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Effect of heat on rheology, surface hydrophobicity and molecular weight distribution of glutens extracted from flours with different bread-making quality

By C.E. Stathopoulos, A.A. Tsiami, J.D. Schofield and B.J. Dobraszczyk


Gluten was extracted from flours of several different wheat varieties of varying baking quality. Creep compliance was measured at room temperature and tan 6 was measured over a range of temperatures from 25 to 95 degrees C. The extracted glutens were heat-treated for 20 min at 25, 40, 50, 60, 70 and 90 degrees C in a water bath, freeze-dried and ground to a fine powder. Tests were carried out for extractability in sodium dodecyl sulphate, free sulphydryl (SH) groups using Ellman's method, surface hydrophobicity and molecular weight (MW) distribution (MWD) using field-flow fractionation and multi-angle laser light scattering. With increasing temperature, the glutens showed a decrease in extractability, with the most rapid decreases occurring between 70 and 90 degrees C, a major transition in tan 6 at around 60 degrees C and a minor transition at 40 degrees C for most varieties, a decrease in free SH groups and surface hydrophobicity and a shift in the MWD towards higher MW. The poor bread-making variety Riband showed the highest values of tan delta and Newtonian compliance, the lowest content of free SH groups and the largest increase of HMW/LMW with increasing temperature. No significant correlations with baking volume were found between any of the measured parameters. (c) 2007 Elsevier Ltd. All rights reserved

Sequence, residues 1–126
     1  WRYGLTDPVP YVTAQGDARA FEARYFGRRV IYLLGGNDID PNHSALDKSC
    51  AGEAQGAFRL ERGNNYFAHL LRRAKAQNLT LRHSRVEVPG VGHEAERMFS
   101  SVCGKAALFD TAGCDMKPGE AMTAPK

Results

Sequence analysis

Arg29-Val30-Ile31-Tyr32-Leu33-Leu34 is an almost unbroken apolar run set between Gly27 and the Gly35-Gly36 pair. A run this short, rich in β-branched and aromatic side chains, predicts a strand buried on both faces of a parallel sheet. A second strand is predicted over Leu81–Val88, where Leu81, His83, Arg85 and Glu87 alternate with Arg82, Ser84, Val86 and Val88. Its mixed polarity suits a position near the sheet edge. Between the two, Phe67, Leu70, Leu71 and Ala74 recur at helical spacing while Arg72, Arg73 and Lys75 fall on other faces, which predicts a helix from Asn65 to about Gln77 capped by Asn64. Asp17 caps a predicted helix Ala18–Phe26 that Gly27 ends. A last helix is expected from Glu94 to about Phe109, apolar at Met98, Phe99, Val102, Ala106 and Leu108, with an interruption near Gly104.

Year: 2008
DOI identifier: 10.1016/j.jcs.2007.03.002
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